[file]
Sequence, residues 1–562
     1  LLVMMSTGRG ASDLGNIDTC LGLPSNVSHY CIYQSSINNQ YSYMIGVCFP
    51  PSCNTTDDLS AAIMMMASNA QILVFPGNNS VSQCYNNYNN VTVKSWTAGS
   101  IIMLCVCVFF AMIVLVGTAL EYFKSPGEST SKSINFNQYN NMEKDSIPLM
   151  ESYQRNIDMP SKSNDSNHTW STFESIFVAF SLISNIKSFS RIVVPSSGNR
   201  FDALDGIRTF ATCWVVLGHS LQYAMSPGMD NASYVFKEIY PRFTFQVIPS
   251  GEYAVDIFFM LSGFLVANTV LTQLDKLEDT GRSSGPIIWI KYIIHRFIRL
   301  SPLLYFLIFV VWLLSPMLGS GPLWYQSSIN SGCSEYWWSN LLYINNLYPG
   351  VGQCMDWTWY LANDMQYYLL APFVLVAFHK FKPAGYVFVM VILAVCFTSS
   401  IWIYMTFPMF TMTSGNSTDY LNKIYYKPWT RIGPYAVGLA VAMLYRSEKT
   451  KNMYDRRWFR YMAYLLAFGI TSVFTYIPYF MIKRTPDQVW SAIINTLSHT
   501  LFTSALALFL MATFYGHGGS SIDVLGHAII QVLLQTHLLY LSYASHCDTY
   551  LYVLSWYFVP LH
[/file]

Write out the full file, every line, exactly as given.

Sequence, residues 1–562
     1  LLVMMSTGRG ASDLGNIDTC LGLPSNVSHY CIYQSSINNQ YSYMIGVCFP
    51  PSCNTTDDLS AAIMMMASNA QILVFPGNNS VSQCYNNYNN VTVKSWTAGS
   101  IIMLCVCVFF AMIVLVGTAL EYFKSPGEST SKSINFNQYN NMEKDSIPLM
   151  ESYQRNIDMP SKSNDSNHTW STFESIFVAF SLISNIKSFS RIVVPSSGNR
   201  FDALDGIRTF ATCWVVLGHS LQYAMSPGMD NASYVFKEIY PRFTFQVIPS
   251  GEYAVDIFFM LSGFLVANTV LTQLDKLEDT GRSSGPIIWI KYIIHRFIRL
   301  SPLLYFLIFV VWLLSPMLGS GPLWYQSSIN SGCSEYWWSN LLYINNLYPG
   351  VGQCMDWTWY LANDMQYYLL APFVLVAFHK FKPAGYVFVM VILAVCFTSS
   401  IWIYMTFPMF TMTSGNSTDY LNKIYYKPWT RIGPYAVGLA VAMLYRSEKT
   451  KNMYDRRWFR YMAYLLAFGI TSVFTYIPYF MIKRTPDQVW SAIINTLSHT
   501  LFTSALALFL MATFYGHGGS SIDVLGHAII QVLLQTHLLY LSYASHCDTY
   551  LYVLSWYFVP LH